The Phoenix Network:
About  |  Advertise
News Features  |  Talking Politics  |  This Just In

One Day you'll learn

Second Courses
By CASSANDRA LANDRY  |  November 14, 2008

College students are told relentlessly to enjoy their time in school. "Once you're in the work force, that's it," parents and grandparents and teachers warn them. "I would trade with you any day."

That day, as it were, just got a lot closer.

One Day University (ODU) — the ultimate day of college, minus beer pong and homework — is a program that brings together top-ranking professors from some of the country's most respected colleges for one-day programs that recreate an academic atmosphere for those who are, as the hype on puts it, "nostalgic for a time when life was more about learning than job performance."

A day at ODU is relatively affordable — four lecture courses and lunch for $259, a far cry from the wallet-draining cost of a full top-tier enrollment. On top of that, ODU students need not sweat bullets over any standardized tests or submit any applications to bask in the enlightenment. Sessions are held in a dozen cities throughout the country several times each semester. Upcoming Boston-area days are scheduled into 2009 for December 7, January 17, March 7, and May 2. Each day's schedule is devoted to a slate of specific disciplines, such as science, history, music, and economics.

Shawn Achor, professor of positive psychology at Harvard, was approached by ODU directors after his psychology class on happiness garnered national attention for enrolling one out of six students on campus. "I love seeing the attendees make my research come alive. They're listening to the lectures not to get better grades, but to get a better education. It is what college should always be like," he says. "[ODU] students have a lot more life experience, so when I talk about psychology research, they nod their heads and smile, connecting the research to their own experiences in their work life and family life."

Professor of political science Matthew Baum — also at Harvard — is participating for the first time in December with a lecture on media, public opinion, and foreign policy. "My experience with adult education is that I get people who are very attentive and are already well-educated," Baum says. "I think continuing adult education is a terrific thing. Whether ODU is the answer to all continuing education, I don't know, but I do think that this sort of concept is the right idea."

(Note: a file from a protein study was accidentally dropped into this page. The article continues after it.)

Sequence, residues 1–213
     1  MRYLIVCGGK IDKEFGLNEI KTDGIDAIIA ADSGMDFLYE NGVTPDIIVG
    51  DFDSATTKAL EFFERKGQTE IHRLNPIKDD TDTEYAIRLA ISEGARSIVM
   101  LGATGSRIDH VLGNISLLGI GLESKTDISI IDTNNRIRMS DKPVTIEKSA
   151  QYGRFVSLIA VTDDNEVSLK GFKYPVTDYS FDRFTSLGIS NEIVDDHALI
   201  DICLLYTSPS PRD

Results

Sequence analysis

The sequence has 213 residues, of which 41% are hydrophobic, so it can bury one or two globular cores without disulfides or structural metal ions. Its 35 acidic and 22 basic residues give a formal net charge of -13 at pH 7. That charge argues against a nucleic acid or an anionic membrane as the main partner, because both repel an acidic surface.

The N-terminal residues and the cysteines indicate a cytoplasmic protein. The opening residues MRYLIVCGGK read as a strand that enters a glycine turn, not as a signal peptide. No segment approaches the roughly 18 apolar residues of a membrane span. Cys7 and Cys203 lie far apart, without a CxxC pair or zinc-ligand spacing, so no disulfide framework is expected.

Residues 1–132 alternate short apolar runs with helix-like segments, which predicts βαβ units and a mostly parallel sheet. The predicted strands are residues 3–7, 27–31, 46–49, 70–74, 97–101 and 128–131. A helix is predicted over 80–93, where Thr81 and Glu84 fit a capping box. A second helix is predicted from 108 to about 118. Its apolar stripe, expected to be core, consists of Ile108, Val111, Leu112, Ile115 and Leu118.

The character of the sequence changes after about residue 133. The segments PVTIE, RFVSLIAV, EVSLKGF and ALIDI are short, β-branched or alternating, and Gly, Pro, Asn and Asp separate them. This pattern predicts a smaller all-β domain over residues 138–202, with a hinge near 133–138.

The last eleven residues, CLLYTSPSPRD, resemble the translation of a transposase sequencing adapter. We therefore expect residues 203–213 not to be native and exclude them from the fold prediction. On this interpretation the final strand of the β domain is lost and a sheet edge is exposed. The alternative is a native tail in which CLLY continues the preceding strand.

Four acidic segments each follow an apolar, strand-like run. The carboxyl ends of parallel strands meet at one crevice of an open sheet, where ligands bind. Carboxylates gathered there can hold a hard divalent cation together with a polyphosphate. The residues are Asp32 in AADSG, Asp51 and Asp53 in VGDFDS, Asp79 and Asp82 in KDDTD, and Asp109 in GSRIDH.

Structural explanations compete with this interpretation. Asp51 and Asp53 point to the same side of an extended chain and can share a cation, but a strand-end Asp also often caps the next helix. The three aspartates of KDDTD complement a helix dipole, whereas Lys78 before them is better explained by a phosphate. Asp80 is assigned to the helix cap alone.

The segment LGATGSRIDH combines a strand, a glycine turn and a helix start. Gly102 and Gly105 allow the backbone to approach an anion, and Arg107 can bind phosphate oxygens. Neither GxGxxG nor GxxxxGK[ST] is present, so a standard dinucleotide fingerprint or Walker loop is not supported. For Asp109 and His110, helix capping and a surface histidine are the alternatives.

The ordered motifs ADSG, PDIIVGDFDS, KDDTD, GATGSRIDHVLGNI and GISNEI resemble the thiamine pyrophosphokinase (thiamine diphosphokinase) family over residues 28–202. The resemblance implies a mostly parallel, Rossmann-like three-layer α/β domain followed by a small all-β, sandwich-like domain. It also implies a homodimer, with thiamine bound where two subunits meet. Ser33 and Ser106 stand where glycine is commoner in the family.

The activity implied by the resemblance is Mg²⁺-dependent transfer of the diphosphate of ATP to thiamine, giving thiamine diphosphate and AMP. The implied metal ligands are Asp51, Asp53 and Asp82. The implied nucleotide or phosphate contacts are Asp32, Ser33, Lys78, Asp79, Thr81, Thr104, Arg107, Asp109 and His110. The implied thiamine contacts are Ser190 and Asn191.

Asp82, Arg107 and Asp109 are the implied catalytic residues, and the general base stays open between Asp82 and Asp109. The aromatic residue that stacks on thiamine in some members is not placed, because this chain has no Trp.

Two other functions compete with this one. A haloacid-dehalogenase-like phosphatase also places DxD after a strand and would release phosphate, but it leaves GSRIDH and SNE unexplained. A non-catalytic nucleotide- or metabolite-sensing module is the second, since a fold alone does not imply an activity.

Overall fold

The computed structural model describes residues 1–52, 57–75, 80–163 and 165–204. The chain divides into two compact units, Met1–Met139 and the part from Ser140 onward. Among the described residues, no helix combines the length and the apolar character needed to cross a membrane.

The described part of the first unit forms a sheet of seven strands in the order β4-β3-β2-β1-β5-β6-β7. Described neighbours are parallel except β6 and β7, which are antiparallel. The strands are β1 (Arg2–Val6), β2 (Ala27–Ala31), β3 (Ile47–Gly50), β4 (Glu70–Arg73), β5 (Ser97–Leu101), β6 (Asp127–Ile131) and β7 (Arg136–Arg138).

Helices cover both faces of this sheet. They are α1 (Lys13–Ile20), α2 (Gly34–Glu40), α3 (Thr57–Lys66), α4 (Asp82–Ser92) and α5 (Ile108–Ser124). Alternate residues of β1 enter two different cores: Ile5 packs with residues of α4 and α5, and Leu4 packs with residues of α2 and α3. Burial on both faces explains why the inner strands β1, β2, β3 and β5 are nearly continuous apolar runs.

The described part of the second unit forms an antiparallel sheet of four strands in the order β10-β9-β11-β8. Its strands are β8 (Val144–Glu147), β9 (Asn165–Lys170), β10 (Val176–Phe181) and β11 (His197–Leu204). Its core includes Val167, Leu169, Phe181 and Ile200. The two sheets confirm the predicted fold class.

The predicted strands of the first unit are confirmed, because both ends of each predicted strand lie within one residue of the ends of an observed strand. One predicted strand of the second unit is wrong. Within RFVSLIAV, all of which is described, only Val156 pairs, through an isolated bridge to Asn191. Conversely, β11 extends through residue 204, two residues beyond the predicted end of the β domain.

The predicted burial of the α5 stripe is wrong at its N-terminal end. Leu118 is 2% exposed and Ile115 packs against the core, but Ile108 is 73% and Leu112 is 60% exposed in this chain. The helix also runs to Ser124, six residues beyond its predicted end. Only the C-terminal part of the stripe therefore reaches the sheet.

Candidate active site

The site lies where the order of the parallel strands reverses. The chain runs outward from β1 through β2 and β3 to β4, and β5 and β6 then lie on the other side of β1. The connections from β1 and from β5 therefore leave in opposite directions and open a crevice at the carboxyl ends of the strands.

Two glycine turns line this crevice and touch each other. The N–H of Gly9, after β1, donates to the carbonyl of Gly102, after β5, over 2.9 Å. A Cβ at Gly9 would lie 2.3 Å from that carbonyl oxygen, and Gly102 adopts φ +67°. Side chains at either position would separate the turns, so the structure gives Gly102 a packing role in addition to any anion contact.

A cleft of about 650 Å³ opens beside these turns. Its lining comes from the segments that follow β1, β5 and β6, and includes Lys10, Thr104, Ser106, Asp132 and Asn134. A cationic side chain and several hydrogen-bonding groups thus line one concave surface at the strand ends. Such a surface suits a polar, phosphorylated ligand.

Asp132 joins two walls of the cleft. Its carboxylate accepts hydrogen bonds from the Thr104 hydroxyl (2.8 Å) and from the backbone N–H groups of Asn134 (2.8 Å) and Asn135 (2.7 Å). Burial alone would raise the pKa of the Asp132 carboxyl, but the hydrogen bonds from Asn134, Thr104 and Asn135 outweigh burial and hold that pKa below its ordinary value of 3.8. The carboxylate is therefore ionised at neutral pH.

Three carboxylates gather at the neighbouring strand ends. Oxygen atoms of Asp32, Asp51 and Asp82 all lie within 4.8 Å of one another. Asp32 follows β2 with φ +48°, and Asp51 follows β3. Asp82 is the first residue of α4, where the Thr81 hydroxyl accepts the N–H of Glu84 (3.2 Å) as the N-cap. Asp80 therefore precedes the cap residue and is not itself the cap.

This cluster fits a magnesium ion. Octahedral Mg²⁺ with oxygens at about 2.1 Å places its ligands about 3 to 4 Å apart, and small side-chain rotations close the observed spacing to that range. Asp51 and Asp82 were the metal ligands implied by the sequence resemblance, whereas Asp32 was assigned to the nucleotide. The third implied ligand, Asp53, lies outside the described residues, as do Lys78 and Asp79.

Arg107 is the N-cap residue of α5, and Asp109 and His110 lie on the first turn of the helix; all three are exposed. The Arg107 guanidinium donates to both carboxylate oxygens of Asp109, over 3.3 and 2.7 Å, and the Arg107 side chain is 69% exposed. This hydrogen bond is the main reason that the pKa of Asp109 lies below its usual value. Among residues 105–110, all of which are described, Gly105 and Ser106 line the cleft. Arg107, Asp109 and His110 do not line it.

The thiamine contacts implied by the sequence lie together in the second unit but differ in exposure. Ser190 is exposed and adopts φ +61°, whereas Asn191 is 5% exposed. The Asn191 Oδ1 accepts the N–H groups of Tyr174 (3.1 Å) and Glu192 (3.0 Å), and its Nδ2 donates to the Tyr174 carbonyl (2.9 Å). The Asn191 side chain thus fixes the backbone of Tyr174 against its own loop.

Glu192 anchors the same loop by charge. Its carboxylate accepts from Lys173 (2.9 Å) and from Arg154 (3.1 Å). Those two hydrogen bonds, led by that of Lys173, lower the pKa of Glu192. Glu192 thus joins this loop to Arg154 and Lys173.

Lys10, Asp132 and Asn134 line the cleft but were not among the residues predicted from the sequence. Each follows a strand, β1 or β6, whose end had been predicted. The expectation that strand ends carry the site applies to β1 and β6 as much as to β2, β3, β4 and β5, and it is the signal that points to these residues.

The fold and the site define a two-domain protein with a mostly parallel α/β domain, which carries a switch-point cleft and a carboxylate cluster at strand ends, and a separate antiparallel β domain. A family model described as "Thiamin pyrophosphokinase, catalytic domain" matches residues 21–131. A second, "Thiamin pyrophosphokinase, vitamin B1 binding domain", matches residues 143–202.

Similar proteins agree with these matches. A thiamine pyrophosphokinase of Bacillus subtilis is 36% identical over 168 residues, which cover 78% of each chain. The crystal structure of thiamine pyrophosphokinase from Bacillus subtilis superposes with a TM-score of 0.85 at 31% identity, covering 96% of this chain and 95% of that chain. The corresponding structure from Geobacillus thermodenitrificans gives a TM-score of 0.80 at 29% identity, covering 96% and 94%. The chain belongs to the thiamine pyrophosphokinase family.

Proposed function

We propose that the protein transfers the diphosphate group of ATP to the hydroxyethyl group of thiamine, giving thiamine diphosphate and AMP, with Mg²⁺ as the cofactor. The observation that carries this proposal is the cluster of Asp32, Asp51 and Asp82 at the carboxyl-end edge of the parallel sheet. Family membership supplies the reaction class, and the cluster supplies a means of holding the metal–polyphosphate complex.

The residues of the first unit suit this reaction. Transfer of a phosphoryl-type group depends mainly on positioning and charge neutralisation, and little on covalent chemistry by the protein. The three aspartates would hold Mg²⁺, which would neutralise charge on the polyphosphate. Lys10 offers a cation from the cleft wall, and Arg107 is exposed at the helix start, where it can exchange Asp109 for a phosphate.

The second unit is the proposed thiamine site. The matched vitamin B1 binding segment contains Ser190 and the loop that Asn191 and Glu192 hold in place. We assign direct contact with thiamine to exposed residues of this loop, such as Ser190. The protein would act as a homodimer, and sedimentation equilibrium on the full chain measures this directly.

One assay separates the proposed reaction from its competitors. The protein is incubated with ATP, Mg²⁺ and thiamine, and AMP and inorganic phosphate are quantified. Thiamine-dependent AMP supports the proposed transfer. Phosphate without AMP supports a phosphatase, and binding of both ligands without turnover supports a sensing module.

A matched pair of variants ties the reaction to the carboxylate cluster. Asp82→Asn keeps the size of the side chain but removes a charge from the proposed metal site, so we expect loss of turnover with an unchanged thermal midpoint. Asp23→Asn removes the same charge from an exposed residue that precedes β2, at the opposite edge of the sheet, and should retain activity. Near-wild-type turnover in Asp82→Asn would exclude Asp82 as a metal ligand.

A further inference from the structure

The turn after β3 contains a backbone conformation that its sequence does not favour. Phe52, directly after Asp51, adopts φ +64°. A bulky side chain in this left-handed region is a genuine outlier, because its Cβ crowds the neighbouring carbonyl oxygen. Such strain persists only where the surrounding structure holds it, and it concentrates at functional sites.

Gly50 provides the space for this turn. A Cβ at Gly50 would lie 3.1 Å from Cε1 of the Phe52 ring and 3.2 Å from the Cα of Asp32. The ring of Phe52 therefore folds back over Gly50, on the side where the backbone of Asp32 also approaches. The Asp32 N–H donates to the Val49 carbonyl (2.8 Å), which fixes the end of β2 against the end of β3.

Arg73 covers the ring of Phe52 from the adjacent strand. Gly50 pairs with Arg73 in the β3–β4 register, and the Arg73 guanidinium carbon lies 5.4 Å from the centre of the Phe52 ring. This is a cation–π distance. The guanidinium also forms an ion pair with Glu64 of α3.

"ODU provides a missing gap in education where we often think that school is over after our last degree," says Achor. "You are getting a higher quality of teachers than even Ivy League students normally get during a semester."

This year's next local One Day University session (science, history, poli-sci, and psychology) takes place on Sunday, December 7, from 9:30 am to 3:45 pm at Babson College, in Wellesley. Registration fee is $259. For information on other one-day programs and to register, visit, or call 800.663.3298.

  Topics: This Just In , Science and Technology, Culture and Lifestyle, Education,  More more >
| More
Add Comment
HTML Prohibited

 Friends' Activity   Popular   Most Viewed 
[ 08/07 ]   "Annual Maine Lobster Festival"  @ Harbor Park
[ 08/07 ]   Charlestown Seafood Festival  @ Ninigret Park
[ 08/07 ]   Dale Chihuly: "Through the Looking Glass"  @ Museum of Fine Arts
Share this entry with Delicious
    "Literally everything is different now," writes Noonan via e-mail. "No more daytime naps!"  
  •   INTERVIEW: T. C. BOYLE  |  February 03, 2009
    Among his many fictionalizations of the American past, novelist T.C. Boyle has remade such real-life characters as the inventor of cornflakes, John Harvey Kellogg ( The Road to Wellville , 1993), and sexual behaviorist Alfred Kinsey ( The Inner Circle , 2004).
  •   BUDGETING YOUR TIME  |  January 08, 2009
    There are two possible reasons Friday is the best day of the week for a college student.
  •   ONE DAY YOU'LL LEARN  |  November 14, 2008
    College students are told relentlessly to enjoy their time in school.
  •   SCIENTIFIC SLOWDOWN  |  October 22, 2008
    In the industrial heart of South Boston, behind an unassuming door labeled “Time Warp,” a man slices eggs, tomatoes, and tatami mats at high speed with a samurai sword on a recent Saturday afternoon.  

 See all articles by: CASSANDRA LANDRY

RSS Feed of for the most popular articles
 Most Viewed   Most Emailed 

  |  Sign In  |  Register
Phoenix Media/Communications Group:
Copyright © 2011 The Phoenix Media/Communications Group